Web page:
versão On-line ISSN 1414-431X
Braz J Med Biol Res v.36 n.10 Ribeirão Preto out. 2003
Braz J Med Biol Res, October 2003, Volume 36(10) 1375-1382
Evidence of the effect of dipyrone on the central nervous system as a determinant of delayed gastric emptying observed in rats after its administration
Departamento de Pediatria, Núcleo de Medicina e Cirurgia Experimental e Centro de Investigação em Pediatria, Faculdade de Ciências Médicas, Universidade Estadual de Campinas, Campinas, SP, Brasil
Material and Methods
Correspondence and Footnotes
Dipyrone administered intravenously (iv) delays gastric emptying (GE) in rats. The objectives of the present study were to assess: 1) the effect of the dose of dipyrone and time after its iv administration on GE in rats, 2) the effect of subdiaphragmatic vagotomy (VgX) and bilateral electrolytic lesion of the paraventricular nucleus (PVNX) on the delayed GE induced by the drug, and 3) the intracerebroventricular (icv) action of dipyrone and of one of its metabolites, 4-aminoantipyrine on GE. Male Wistar rats received saline labeled with phenol red intragastrically as a test meal. GE was indirectly assessed by the determination of percent gastric retention (GR) of the test meal 10 min after administration by gavage. Dipyrone delays GE in a dose- and time-dependent manner. Thirty minutes after the iv administration of 80 mg/kg dipyrone, the animals showed significantly higher GR (mean = 62.6%) compared to those receiving vehicle (31.5%). VgX and PVNX significantly reduced the iv effect of 80 mg/kg dipyrone (mean %GR: VgX = 28.3 vs Sham = 55.5 and PVNX = 34.5 vs Sham = 52.2). Icv administration of 4 µmol dipyrone caused a significant increase in GR (54.1%) of the test meal 10 min later, whereas administration of 4 µmol 4-aminoantipyrine had no effect (34.4%). Although the dipyrone dose administered icv was 16 times lower than that applied iv, for the same time of action (10 min), the GR of animals that received the drug icv (54.1%) or iv (54.5%) did not differ significantly. In conclusion, the present results suggest that the effect of dipyrone in delaying GE is due to the action of the drug on the central nervous system, with the participation of the PVN and of the vagus nerve.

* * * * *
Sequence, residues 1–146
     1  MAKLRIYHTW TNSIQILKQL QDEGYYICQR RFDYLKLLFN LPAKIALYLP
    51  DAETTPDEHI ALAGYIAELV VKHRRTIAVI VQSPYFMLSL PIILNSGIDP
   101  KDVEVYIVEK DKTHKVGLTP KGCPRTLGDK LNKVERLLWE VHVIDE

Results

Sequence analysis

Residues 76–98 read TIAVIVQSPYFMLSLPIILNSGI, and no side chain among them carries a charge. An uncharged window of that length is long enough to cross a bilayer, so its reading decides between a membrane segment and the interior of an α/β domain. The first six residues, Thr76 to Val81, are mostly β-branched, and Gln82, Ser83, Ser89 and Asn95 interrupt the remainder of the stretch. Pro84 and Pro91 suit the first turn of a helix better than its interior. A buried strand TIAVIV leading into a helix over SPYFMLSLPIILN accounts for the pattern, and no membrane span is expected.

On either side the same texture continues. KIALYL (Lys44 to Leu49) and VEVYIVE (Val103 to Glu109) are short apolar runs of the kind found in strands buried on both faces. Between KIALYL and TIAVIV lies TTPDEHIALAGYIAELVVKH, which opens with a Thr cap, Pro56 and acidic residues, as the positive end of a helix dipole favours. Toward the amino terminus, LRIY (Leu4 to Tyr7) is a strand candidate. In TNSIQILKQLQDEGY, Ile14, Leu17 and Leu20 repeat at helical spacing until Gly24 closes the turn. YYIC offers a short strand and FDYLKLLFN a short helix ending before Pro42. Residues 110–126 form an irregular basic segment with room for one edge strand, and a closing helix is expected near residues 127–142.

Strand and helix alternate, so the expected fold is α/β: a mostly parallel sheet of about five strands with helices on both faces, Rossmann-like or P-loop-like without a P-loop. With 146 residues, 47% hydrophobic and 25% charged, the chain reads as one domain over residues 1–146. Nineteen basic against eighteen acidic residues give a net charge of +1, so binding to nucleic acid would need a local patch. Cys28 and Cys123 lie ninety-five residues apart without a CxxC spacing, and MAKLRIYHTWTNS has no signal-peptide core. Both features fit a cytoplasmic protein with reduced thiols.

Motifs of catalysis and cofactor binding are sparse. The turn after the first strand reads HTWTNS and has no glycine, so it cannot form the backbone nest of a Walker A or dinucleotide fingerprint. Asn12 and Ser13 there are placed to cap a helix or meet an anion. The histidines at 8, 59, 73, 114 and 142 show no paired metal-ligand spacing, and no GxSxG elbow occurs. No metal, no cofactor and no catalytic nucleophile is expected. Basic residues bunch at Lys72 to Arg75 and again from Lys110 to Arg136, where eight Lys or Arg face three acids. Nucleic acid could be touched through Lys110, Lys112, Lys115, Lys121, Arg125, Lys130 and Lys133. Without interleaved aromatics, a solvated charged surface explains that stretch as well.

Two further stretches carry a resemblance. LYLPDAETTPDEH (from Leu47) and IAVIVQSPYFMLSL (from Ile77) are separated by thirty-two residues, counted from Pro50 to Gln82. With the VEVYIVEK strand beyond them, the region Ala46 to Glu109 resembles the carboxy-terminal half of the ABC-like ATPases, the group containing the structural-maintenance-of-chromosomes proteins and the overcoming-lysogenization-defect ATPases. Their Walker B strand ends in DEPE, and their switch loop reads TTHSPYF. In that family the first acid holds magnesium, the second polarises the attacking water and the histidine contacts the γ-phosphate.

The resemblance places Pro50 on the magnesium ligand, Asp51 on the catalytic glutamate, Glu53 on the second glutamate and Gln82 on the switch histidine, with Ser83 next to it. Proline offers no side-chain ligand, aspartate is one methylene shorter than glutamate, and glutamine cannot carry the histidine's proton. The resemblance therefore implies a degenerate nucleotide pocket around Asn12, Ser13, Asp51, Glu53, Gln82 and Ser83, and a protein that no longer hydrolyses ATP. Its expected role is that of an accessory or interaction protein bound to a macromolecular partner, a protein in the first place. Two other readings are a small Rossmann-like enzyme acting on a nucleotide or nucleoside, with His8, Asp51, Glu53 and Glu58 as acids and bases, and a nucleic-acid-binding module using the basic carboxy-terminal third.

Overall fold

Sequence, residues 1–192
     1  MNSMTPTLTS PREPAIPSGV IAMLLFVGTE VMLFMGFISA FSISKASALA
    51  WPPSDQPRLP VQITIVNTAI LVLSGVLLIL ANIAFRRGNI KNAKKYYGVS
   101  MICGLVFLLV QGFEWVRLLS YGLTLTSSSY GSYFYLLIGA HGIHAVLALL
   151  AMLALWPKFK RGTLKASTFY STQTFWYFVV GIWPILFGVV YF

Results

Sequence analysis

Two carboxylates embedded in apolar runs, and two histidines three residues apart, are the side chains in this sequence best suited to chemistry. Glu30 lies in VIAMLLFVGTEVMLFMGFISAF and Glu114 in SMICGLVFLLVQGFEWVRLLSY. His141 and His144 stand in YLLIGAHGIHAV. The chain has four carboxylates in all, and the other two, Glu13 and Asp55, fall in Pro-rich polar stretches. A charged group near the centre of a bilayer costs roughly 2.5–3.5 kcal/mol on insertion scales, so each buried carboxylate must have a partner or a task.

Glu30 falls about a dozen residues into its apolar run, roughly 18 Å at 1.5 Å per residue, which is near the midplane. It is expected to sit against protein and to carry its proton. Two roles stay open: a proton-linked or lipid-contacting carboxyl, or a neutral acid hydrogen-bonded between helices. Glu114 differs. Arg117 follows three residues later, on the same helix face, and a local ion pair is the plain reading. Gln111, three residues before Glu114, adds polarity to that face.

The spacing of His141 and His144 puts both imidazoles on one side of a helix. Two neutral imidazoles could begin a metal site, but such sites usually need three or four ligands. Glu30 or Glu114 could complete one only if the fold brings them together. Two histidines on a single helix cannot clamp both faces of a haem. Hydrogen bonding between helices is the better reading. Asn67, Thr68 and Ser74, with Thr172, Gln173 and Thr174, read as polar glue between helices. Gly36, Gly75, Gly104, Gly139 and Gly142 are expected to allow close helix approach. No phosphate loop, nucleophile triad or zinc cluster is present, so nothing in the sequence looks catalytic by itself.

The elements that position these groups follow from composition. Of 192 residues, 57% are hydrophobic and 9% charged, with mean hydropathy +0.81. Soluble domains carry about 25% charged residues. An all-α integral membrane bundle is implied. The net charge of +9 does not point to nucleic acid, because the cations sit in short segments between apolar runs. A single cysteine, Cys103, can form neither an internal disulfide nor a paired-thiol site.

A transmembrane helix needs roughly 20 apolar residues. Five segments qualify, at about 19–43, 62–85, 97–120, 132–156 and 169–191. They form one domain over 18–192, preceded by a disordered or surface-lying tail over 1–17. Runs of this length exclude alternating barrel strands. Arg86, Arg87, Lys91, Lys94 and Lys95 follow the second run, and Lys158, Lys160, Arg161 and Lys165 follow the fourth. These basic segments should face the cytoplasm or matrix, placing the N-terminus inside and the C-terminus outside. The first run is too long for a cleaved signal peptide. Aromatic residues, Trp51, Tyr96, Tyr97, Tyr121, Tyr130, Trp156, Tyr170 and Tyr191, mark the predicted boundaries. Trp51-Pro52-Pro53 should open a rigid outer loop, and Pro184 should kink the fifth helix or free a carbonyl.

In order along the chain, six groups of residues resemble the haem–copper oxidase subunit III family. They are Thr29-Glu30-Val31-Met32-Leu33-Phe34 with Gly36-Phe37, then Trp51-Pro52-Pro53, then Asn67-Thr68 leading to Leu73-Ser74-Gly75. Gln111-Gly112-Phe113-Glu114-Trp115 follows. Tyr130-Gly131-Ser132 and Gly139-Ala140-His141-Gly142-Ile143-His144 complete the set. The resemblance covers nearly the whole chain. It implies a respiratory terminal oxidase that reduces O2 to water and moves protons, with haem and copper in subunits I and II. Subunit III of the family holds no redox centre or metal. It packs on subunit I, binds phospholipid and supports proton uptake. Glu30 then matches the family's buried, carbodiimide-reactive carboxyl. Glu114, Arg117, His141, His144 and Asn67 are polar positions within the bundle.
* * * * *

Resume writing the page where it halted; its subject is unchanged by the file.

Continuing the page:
Key words: Gastric emptying, Dipyrone, Paraventricular nucleus, Vagus nerve
Gastric emptying is a complex process of orderly transfer of the gastric content to the small intestine resulting from the action of excitatory and inhibitory mechanisms that control the motor activity of the stomach, pylorus and duodenum (1). The enteric nervous system modulates the activity of muscle fibers in the proximal and distal stomach (2,3). The central nervous system (CNS) participates in the control of gastric emptying through connections with the enteric nervous system via the vagus nerve and the sympathetic nervous system (2). The dorsal complex of the vagus is under the influence of higher structures such as the paraventricular nucleus (PVN) of the hypothalamus which may modify gastric emptying (4-7). Once gastric emptying is started, the process is modulated by inhibitory stimuli depending on the physicochemical characteristics of the food bolus which act on receptors located in the mucosa of the small intestine (1,8). Meals that are practically of an inert nature such as physiological saline have a minimal effect on these receptors (9).
Several conditions are known in which gastric emptying is delayed or accelerated (10). Intravenous (iv) dipyrone administered at high doses has been shown to cause delayed gastric emptying in rats (11), an effect confirmed by our group using saline solution as a test meal (12). This drug, first synthesized more than 80 years ago, is a pyrazolone derivative with analgesic and antipyretic activities due in part to the action of dipyrone itself or of its metabolites on the CNS (13-16).
However, the site of action and the mechanisms involved in the delay of gastric emptying caused by dipyrone are unknown. On this basis, the objectives of the present study were to assess 1) the effect of iv dipyrone on the gastric emptying of a saline meal in rats with respect to dose and time after its administration, 2) the effect of subdiaphragmatic vagotomy and electrolytic lesion of the PVN on this phenomenon, and 3) the effect of intracerebroventricular (icv) application of the analgesic and of one of its metabolites, 4-aminoantipyrine (AA), on the gastric emptying of the same test meal.